James Rosario is a writer, filmmaker, and musician based in the Asheville, NC area. His record label, Bigger Boat Records, releases...
Directed by Andrew Fleming
Originally reviewed by James Rosario on August 5, 2016
The premise is simple. Sarah (Robin Tunney), a high school girl, moves to a new town for a reason that is never given. She starts her first day at school, a Catholic school where Dr. Marten boots seem to be a part of the dress code, where she meets a cute boy, Chris (Skeet Ulrich), and said weird girls, Nancy (Fairuza Balk), Bonnie (Neve Campbell), and Rochelle (Rachel True). The weirdos are apparently part of a wannabe, amateur witch’s coven who need a fourth member in order to maximize their spellcasting abilities. That’s where Sarah comes in. As it turns out, she’s can make pencils balance on school desks, a feat that proves her worth and gains her an invitation into the group.
After a shoplifting spree at the local witch emporium, the gals, now four, are off on their merry witch ways. Things start out innocently enough, getting simple acts of revenge on those who’ve wronged them, but things inevitability turn ugly when Nancy decides to up the stakes by killing some people. Sarah has a problem with all the nasty murder and tries to leave the coven, becoming their most hated enemy in the process.
My friends in high school were no film scholars, (neither was I, but I sure tried) but I had a feeling there wasn’t much to this movie. I still didn’t as I sat down to finally watch it. As it turns out, after seeing it 20 years after the fact, my gift of sight was on the money.
It’s clunky and cheaply made, but that’s not its biggest fault. What’s unforgivable to me is that I found the story lazy. As an 18/19-year-old punk rocker at the time (now a 38-year-old punk rocker), I was always on the lookout for something authentic about what I was into. I never got it, but there were a lot of missed opportunities, this film being one of them. There was a lot of potential here to make something of worth, but instead, the actors, all of whom are good at what they do, just plod through this disjointed mess of a film. There was so much room for real and honest teenage rebellion, but instead, we got petty revenge. “The boy hurt my feelings. He must pay!” I for one am sick of this track. Why must every motivation of women in film revolve around the actions of a man? There was a chance here to do something fresh, engaging, and counter-culture all at the same time, but instead, all we got was reinforced stereotypes that women live to serve men, and that all of their actions are simply reactions to what the boys are doing. Lame.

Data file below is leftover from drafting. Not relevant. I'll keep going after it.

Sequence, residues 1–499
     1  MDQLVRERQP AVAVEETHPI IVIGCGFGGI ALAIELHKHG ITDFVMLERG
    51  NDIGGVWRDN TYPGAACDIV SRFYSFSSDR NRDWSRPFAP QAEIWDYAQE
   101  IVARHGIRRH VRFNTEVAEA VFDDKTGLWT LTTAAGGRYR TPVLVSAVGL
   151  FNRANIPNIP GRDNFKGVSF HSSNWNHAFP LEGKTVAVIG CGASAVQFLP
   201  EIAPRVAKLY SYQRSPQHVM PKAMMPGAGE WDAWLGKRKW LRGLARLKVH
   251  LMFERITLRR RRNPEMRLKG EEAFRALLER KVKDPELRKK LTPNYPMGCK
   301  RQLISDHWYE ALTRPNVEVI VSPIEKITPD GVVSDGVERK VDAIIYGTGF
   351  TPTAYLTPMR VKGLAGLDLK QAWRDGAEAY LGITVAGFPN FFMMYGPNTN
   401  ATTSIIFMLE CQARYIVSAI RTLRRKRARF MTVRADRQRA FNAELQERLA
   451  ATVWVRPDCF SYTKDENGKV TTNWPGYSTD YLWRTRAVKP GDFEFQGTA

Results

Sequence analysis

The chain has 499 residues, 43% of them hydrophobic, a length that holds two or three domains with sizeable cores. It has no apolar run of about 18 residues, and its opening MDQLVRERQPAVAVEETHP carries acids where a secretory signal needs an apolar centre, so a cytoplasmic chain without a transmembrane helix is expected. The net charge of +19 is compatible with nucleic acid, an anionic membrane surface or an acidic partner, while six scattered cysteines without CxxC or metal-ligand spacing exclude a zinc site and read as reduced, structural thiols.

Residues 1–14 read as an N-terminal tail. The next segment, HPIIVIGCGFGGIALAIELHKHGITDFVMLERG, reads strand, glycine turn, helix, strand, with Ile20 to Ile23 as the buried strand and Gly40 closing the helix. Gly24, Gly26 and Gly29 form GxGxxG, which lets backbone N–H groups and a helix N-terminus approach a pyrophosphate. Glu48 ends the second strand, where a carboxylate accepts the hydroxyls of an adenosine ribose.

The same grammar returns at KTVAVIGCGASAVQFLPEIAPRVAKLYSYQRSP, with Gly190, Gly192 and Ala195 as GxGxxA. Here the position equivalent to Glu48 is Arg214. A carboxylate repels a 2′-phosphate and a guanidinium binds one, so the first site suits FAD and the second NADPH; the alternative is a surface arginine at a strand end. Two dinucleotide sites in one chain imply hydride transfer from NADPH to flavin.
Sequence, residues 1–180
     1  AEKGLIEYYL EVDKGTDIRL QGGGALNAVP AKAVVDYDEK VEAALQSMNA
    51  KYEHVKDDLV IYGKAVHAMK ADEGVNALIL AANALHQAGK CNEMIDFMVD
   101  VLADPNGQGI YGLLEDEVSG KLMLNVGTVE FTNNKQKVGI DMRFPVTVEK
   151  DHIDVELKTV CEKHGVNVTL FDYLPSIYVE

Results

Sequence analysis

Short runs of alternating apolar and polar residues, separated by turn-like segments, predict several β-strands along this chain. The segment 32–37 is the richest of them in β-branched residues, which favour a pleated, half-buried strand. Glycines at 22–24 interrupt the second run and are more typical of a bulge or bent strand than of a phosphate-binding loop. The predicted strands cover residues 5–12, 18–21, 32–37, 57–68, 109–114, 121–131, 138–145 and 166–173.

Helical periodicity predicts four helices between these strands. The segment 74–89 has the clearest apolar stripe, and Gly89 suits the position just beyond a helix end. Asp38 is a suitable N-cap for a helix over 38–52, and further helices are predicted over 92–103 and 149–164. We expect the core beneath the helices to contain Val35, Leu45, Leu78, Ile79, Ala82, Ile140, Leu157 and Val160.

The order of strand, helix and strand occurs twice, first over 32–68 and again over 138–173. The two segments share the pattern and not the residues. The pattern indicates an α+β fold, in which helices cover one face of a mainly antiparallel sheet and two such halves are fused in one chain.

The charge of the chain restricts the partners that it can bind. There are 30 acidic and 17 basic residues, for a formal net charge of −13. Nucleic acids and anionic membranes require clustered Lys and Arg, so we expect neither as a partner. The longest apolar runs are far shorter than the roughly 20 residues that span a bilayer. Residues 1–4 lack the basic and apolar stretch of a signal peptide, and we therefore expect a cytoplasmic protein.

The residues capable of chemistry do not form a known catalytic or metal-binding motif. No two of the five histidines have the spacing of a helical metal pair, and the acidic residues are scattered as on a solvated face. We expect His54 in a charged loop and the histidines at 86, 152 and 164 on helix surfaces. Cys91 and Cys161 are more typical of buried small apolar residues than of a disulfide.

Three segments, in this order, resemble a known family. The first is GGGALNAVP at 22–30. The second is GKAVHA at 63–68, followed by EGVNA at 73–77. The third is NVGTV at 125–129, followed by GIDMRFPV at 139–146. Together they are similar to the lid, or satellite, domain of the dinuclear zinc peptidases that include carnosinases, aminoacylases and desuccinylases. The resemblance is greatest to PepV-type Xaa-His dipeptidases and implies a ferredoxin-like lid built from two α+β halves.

The cast really is the best part of the movie. The credits read like a who’s who of up and coming mid 90s actors, ones that were expected to go on to do great things. Somehow, none of them did (unless you count Ulrich’s tenure on the post-nuke TV drama Jericho as great). Neve Campbell was coming off some Party of Five success and had the Scream franchise ahead of her, but still managed to fizzle after that, which I find a bit surprising and disappointing. They’re at least having fun with it, though, and that is a plus in the film’s favor. Fairuza Balk pulls off a pretty good psycho teenage witch, and Skeet’s dopey, lovesick moron performance is certainly entertaining, I’ll give him that.
When I think about it, it’s easy to see why gads of 90s teenage girls thought this movie was the best thing since Reality Bites (1994), especially girls with “alternative” leanings. It was easy to identify with the characters and their bad girl personas. They drank, they smoked, they listened to cool music, they dressed in black, they got revenge on those who’d wronged them, etc. etc. By 1996 there had been tons of movies already released that catered to this kind of demographic. Generation X had become a huge market, and every single entity that had something to sell, including Hollywood, was trying to peddle their wares on them. That’s my other beef with this film, it’s blatant pandering to the teens and twenty-somethings of the day. This, of course, is nothing new in advertising or in the movie business, but I think I took it a bit more personal simply because now I was of the generation being pandered to. I wasn’t falling for it, and I had some difficulty understanding why anyone I knew could be so easily duped.
For the record, after watching The Craft again all these years later, my wife didn’t enjoy it like she did when it came out in 1996. She said she understands why she loved it then, and, as I said, I can too if I put my mind to it, but she’s not in her late teens/early 20s anymore, therefore that cheesy teen angst doesn’t strike the same cord it once did. She loves angst, don’t get me wrong, she’s still full of plenty of angst, but The Craft fell flat for both of us. The movie business has always, and will always, vomit out as much schlock as the average American teenager’s parent’s money will allow, and that will never change. The Craft isn’t anywhere near the bottom of the barrel for this type of cash grab, but that’s not saying much I’m afraid. I didn’t hate myself or necessarily feel any dumber for having watched it, and that might be saying something. Take that as you will, but if you want real teen angst, let me know, I’ll recommend some titles for you.
One more thing that’s been bothering me. The candle budget for this movie must have been through the roof. These witches sure love them some candles.
For more film reviews, plus record reviews, podcasts, and more, please visit THE DAILY ORCA.
Find out how you can become a patron of James Rosario and The Daily Orca by visiting his PATREON page.